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Growing Grit: GAC 2016 Theme

“Gold Arrow Camp has taught me to be brave and reach my goals.
If it weren’t for GAC, I wouldn’t be nearly as courageous as I am now.”



Need for Achievement

These are all desirable traits we want for ourselves and for our kids. What do these traits have in common? All are associated with grit, which psychologist Angela Lee Duckworth defined in a 2013 TED Talk as “passion and perseverance for very long-term goals.” Grit correlates with stamina and stick-to-itiveness, Duckworth said, “day in, day out, not just for the week, not just for the month, but for years.” TB-C16-C17-C23-3269Duckworth is among a handful of researchers and educators who have studied grit in the context of behavior for the last few years in an effort to determine who will be successful in certain settings—such as schools—and why. Surprisingly, perhaps, she found that grit is unrelated to measures of talent: everyone can succeed in a given task, Duckworth said, if they work hard and long enough. Before “grit” became a buzzword in the field of adolescent psychology, researchers, professional educators, and parents alike used words like “persistent,” “hard-working,” and “disciplined” to describe people who exhibited this desirable character trait.

And what was it, exactly, that got this conversation started? According to Forbes education contributor Margaret Perlis, it was the “concern among teachers that kids these days are growing soft.”

Kids (and adults) need grit to succeed. It’s what helps us push past failures, work hard at things we struggle with, and eventually find some success.  Grit is something that campers have been growing at GAC since our founder, Manny Vezie, started his “rugged camp for boys” back in 1933. In fact, you might say that Manny was ahead of the curve on the topic of grit; way back in 1962, he lamented to a local newspaper reporter that “[t]oday’s kids are just sitting around getting entertained.” Gold Arrow Camp, he said, was the ideal antidote for what he perceived to be a culture growing in “general softness.”

G-C09-7709This summer, we’ll continue to build grit the way we’ve done at camp for more than 80 years. The only difference is that in 2016, we’re going to talk about it more. That’s because when we name grit at the time we see it, campers will become more aware of—and more motivated about—opportunities to grow that passion, perseverance, and stamina Duckworth and others laud in successful children and adolescents. Counselors and campers will be looking for opportunities to witness grit, and we’ll share inspirational stories of people who’ve overcome adversity, challenged themselves, failed, and kept trying. We’ll share stories of our own and others’ grit, and as a camp community, we’ll respond to Duckworth’s call to action: we’ll “be gritty about getting our kids grittier.”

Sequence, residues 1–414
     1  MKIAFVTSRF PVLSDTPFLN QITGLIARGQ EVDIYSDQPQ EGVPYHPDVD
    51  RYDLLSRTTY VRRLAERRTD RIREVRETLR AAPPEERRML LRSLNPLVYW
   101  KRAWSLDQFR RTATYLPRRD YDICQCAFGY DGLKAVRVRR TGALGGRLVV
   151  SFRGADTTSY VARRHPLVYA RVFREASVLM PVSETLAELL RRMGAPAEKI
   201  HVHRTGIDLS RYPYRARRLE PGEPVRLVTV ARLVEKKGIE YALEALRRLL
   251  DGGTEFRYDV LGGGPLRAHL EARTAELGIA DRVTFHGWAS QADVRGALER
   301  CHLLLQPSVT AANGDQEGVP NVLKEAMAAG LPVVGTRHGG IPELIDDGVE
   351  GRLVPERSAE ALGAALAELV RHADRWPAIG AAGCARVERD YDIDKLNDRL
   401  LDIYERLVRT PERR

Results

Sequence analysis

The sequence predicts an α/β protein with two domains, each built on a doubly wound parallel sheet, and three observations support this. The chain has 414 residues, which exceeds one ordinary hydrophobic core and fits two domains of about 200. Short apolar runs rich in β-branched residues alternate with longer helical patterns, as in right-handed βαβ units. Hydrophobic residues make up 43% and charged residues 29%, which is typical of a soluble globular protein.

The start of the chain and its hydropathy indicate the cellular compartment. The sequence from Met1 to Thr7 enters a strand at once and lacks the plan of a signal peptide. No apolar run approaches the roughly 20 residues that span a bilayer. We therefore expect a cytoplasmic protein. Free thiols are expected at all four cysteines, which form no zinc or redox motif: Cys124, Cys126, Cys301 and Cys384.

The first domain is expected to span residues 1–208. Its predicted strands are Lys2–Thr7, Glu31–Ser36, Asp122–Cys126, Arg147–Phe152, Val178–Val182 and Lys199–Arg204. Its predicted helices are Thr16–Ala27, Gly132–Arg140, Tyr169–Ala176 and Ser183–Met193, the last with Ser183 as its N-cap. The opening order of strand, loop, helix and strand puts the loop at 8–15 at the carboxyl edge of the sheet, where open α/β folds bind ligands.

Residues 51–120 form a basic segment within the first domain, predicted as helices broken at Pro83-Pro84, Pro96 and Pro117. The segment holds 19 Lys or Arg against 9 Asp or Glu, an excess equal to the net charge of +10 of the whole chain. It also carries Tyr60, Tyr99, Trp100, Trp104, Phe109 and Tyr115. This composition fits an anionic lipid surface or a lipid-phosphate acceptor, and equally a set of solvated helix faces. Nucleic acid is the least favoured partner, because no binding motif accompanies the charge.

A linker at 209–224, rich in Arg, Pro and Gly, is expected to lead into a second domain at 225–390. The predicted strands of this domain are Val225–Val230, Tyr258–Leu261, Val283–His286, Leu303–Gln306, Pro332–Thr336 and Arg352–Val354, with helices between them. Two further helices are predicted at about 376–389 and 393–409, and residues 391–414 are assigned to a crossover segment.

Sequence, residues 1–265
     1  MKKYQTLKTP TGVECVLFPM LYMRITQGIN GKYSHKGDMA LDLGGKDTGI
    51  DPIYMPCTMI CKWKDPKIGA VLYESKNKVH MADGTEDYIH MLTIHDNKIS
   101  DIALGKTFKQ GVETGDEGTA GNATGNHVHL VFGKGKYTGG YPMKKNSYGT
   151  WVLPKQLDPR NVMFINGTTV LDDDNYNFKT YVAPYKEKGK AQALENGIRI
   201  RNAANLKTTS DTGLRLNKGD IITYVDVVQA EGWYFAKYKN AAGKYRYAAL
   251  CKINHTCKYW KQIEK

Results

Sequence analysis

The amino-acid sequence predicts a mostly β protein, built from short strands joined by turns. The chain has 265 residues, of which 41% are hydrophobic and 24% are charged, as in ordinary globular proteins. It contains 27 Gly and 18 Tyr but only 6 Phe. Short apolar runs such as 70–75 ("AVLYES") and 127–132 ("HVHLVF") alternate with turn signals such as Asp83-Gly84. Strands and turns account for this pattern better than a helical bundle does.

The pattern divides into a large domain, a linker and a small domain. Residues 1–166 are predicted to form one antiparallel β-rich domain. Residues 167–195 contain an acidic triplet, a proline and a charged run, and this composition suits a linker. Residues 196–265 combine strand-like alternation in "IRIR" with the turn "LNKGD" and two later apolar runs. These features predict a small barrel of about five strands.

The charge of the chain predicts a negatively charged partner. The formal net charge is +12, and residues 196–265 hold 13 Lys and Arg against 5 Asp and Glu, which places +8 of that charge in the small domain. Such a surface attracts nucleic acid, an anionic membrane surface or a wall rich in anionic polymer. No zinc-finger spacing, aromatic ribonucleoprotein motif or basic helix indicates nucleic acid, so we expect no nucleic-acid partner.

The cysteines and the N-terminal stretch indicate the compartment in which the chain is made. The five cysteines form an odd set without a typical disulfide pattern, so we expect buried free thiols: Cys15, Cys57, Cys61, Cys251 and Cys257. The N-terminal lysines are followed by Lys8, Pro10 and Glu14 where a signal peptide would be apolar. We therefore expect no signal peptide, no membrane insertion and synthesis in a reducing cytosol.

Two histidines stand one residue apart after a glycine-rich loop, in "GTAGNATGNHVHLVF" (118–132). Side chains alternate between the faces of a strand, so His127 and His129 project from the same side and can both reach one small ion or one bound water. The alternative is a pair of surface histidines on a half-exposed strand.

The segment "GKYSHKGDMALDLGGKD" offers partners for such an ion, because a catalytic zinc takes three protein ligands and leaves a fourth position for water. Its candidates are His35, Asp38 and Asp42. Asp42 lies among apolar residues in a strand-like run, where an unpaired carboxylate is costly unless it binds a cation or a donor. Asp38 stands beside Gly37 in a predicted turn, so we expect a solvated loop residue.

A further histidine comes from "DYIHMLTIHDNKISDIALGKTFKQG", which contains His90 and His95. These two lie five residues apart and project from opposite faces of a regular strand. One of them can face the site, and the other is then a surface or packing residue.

Setting Goals & Overcoming Failures

One of the keys to growing grit is setting goals, getting motivated by them, and working towards them over time. At the opening campfire, counselors ask campers to think about something they want to accomplish at camp.  These goals, set during the first days of camp, might include trying something new—maybe something that has been scary in the past—or reaching a specific milestone at an activity. Sometimes it’s a social goal, like getting up on stage in front of a big group or making a new friend.  We encourage kids to think of something that is outside their comfort zone and a little bit challenging, because those goals are the ones that lead to the greatest feelings of pride and accomplishment—and the most grit! Goal-setting is an important life skill and something extremely valuable in growing grit. The goals campers set motivate them to persevere, overcome repeated failures, and eventually succeed.

TB-C26-7304Nowhere is this more evident, perhaps, than in waterskiing, which is among the many challenging recreational activities we learn at GAC. If you’ve tried it, you know it’s not easy. Most kids (and adults) do not master waterskiing on their first try, and a common error when learning is standing up too fast, which leads to a forward fall, or “face plant.” What follows is an unpleasant rush of cold lake water up the nose and a period of awkward floating and struggle to reattach wayward skis, often ripped free of the skier after the fall. It’s understandable, then, why many people give up on waterskiing quickly and never reach the point of enjoying it. But those who stick with it despite failure often end up feeling a great sense of pride and enjoyment in a new sport.

So, this summer, we’re getting down to the nitty-gritty. Whether we’re waterskiing, rock climbing, backpacking, sailing, meeting someone for the first time, or singing on stage, we’re excited to focus on Growing Grit at Gold Arrow Camp!